By Brendan Gibbons (Staff writer)
Published: October 24, 2013
As Marcellus Shale production surges, the business of getting gas from the wellhead to consumers is drawing more attention.
In 2013 alone, the industry is estimated to more than quadruple what it spent in the prior year.
At a conference in downtown Philadelphia, James Balaschak, a principal in financial services corporation Deloitte Services, cited Oil and Gas Journal numbers showing spending on pipelines in the U.S. is expected to increase from $8.6 billion in 2012 to $38 billion in 2013.
"In the past five years, the industry has invested nearly twice of what it invested during 1992-2006," according to Mr. Balaschak.
Midstream companies used to be "on the sidelines," compared to exploration and production companies, he said.
"One thing that has emerged is actually the midstream business as a business," he said.
Midstream is the process of the gathering, processing, transporting and wholesale marketing of oil and gas. Downstream refers to refineries, petrochemical plants, distributors and retail outlets.
Blank Rome, a multidisciplinary law firm, and Hull and Associates, a project development and engineering consulting firm, jointly hosted the conference Wednesday explaining trends and challenges in the midstream and downstream natural gas industry. About 50 people attended.
Mr. Balaschak said he never would have expected the Marcellus Shale formation to produce 12 billion cubic feet of gas per day.
In 2010, the U.S. imported 22 percent of its energy. By 2025, this number is projected to decline to 11 percent.
"The U.S. is really the envy of the world, in terms of its recent energy abundance," Mr. Balaschak said.
The rapid expansion of pipeline infrastructure was clearly visible in a map of Pennsylvania that Public Utility Commission Chairman Robert Powelson showed the crowd. Mr. Powelson was the keynote speaker at the conference.
The map came from the federal Pipeline and Hazardous Materials Safety Administration's National Pipeline Mapping System. It showed a nest of natural gas transmission and hazardous liquids pipelines crossing the commonwealth.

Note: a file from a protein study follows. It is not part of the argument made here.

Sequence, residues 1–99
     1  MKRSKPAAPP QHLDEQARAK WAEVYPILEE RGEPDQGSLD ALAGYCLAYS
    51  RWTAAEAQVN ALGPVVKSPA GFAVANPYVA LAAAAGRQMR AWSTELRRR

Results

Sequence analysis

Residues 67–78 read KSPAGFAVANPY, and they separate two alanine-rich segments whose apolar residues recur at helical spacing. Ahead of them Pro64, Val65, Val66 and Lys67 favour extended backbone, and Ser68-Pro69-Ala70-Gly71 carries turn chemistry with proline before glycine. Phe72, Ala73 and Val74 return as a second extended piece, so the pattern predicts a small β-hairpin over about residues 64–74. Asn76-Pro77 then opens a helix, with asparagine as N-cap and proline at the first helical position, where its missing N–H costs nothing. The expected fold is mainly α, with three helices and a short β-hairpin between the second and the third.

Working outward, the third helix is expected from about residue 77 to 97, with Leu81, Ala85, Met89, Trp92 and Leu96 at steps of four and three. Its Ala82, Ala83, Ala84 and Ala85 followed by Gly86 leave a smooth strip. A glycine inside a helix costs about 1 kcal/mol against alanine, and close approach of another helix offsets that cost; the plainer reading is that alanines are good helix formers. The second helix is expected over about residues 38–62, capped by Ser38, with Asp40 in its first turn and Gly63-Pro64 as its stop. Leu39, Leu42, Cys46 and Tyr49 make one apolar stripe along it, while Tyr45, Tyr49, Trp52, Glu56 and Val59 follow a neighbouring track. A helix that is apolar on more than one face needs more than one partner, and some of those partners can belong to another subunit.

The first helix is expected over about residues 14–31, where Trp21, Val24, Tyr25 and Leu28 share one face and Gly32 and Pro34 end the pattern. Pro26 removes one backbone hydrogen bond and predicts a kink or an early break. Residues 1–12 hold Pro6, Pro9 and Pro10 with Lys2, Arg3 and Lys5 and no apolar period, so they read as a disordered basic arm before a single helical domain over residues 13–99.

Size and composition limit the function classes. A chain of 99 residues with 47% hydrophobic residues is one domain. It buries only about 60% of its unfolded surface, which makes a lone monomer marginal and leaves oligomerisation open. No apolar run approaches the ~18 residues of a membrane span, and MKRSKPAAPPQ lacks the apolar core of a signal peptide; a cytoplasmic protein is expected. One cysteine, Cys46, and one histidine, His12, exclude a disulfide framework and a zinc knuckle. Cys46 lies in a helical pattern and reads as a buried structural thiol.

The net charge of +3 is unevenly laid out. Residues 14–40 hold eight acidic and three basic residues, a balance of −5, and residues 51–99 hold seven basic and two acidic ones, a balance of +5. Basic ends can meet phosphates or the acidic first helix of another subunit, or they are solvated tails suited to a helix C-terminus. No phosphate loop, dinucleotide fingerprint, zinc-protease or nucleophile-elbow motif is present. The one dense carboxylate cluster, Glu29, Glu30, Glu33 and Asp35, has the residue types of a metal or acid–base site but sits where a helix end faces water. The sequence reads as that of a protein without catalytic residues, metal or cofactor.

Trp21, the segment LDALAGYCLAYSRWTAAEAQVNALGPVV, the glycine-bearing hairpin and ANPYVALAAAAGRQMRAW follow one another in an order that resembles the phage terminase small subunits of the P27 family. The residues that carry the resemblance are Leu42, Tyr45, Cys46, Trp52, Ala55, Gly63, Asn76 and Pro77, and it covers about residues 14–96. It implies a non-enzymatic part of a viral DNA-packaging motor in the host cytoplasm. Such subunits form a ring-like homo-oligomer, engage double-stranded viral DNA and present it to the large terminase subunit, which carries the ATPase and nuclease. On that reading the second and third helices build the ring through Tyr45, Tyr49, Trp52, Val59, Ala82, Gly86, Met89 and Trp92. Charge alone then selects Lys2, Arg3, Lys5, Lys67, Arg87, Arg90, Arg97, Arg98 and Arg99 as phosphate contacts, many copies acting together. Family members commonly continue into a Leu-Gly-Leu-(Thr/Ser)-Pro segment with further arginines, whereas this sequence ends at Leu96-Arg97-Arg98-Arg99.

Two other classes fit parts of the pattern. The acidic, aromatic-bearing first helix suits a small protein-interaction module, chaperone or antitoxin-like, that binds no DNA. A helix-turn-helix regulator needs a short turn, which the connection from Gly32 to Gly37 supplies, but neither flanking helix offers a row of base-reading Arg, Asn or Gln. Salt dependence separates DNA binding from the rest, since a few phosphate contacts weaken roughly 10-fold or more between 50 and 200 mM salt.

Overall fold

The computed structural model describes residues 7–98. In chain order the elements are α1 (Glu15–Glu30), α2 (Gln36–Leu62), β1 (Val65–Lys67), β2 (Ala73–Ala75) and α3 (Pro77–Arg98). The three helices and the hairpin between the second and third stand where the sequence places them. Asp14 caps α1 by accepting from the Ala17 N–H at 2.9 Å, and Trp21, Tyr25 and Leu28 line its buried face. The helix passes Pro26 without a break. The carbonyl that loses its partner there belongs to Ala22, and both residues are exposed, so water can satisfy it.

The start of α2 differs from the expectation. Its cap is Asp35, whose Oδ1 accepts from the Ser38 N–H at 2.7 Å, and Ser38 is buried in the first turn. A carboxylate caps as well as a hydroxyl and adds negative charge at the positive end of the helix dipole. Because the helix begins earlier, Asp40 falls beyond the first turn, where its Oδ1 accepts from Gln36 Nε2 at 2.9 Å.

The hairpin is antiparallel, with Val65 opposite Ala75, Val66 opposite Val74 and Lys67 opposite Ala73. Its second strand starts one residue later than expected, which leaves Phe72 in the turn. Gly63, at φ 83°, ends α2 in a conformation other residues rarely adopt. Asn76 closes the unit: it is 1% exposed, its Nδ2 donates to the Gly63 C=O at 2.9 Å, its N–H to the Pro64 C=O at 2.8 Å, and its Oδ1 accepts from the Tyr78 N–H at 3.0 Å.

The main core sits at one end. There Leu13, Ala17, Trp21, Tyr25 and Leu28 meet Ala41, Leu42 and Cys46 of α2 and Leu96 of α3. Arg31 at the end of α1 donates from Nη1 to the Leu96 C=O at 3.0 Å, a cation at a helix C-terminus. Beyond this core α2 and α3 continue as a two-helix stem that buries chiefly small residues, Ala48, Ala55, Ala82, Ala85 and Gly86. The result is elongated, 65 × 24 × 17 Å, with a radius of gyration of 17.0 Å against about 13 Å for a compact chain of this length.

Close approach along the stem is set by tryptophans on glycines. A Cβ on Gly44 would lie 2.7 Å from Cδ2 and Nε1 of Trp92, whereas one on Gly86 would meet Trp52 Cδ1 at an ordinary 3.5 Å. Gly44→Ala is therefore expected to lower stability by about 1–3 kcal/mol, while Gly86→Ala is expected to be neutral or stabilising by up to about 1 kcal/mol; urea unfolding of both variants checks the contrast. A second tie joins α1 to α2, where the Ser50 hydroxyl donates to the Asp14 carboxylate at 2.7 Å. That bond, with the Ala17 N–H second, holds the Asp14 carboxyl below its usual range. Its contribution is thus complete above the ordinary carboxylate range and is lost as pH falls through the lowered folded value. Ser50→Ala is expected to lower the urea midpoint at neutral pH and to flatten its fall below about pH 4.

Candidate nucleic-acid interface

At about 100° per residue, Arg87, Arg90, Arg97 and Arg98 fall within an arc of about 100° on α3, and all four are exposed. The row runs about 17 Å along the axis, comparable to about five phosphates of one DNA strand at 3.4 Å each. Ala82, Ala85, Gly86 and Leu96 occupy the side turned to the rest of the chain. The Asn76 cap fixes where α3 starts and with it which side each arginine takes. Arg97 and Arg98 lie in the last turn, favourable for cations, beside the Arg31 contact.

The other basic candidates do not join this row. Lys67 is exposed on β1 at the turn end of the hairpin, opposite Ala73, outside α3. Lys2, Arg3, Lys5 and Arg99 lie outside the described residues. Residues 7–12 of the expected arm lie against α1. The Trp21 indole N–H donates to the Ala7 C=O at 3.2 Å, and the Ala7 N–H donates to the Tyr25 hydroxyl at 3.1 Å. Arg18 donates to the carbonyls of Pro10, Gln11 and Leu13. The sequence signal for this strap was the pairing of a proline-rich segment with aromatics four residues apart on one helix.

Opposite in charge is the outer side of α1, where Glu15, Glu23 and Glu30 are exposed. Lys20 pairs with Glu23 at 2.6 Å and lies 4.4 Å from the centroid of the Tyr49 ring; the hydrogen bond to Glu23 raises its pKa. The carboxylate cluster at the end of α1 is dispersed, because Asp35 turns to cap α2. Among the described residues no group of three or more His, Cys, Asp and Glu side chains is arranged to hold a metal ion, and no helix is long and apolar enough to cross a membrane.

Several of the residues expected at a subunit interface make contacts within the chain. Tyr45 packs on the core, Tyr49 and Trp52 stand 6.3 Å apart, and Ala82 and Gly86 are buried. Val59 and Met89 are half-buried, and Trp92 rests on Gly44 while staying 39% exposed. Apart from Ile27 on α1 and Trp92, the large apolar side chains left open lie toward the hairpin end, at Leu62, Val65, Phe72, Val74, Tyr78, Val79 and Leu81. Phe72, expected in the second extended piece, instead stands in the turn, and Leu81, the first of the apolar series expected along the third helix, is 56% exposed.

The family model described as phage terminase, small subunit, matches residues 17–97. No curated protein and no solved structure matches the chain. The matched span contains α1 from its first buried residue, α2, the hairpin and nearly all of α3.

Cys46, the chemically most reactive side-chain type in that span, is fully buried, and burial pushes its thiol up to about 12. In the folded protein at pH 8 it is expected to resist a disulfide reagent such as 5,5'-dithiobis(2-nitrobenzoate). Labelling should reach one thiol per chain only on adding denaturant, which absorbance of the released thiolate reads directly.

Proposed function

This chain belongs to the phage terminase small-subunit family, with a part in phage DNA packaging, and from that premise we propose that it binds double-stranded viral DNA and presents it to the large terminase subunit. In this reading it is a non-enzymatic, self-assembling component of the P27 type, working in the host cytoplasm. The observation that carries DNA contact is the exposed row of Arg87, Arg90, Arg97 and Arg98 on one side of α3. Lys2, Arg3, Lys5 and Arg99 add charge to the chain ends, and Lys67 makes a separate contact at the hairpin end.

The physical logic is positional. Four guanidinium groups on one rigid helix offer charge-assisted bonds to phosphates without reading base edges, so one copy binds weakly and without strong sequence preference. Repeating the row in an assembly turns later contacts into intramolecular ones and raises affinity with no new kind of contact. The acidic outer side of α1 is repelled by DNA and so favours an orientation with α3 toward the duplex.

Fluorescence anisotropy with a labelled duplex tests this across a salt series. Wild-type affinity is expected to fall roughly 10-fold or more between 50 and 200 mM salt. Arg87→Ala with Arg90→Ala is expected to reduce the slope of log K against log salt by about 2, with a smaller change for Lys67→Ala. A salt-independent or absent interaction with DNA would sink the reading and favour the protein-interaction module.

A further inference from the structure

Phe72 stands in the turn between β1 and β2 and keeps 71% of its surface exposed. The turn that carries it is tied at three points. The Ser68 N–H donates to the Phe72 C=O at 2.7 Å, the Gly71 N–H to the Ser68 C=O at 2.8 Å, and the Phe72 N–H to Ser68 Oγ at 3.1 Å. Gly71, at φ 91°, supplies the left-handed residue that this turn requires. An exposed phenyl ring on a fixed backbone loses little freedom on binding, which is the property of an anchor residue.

Pennsylvania has more than 68,000 total pipeline miles, made up of 46,000 miles of natural gas distribution lines, 10,004 miles of lines that gather gas from wellheads, 9,485 transmission lines and 2,777 miles of hazardous liquids pipelines.
In 2012, the passage of Act 127, or the Pipeline Act, added thousands of miles of pipelines to the PUC's regulatory responsibilities.
In an interview before his speech, Mr. Powelson and Jennifer Kocher, the PUC's press secretary, explained how the act has changed the commission's role in regulating pipelines.
"Our predominantly gas safety operation was really focused on gas distribution companies," Mr. Powelson said. The act expanded the commission's authority to register all pipeline operators.
The commission employs nine inspectors, Mr. Powelson said. He thinks they need more, and finding qualified people is difficult.
"We're competing against the industry, and we're competing against other agencies, i.e. (the Department of Environmental Protection), to get these kind of trained individuals," Mr. Powelson said.
Mr. Powelson said the act has given the commission adequate tools to enforce pipeline safety regulations, but "it's still a work in progress."
He would like the industry to use real-time monitoring on its compressor stations and put more employees near compressor station sites to deal with potential incidents.
"There should be an on-site person that's able to collaborate with and coordinate with us," Mr. Powelson said. "People want peace of mind that within a couple-hour period, there's going to be people out there deployed."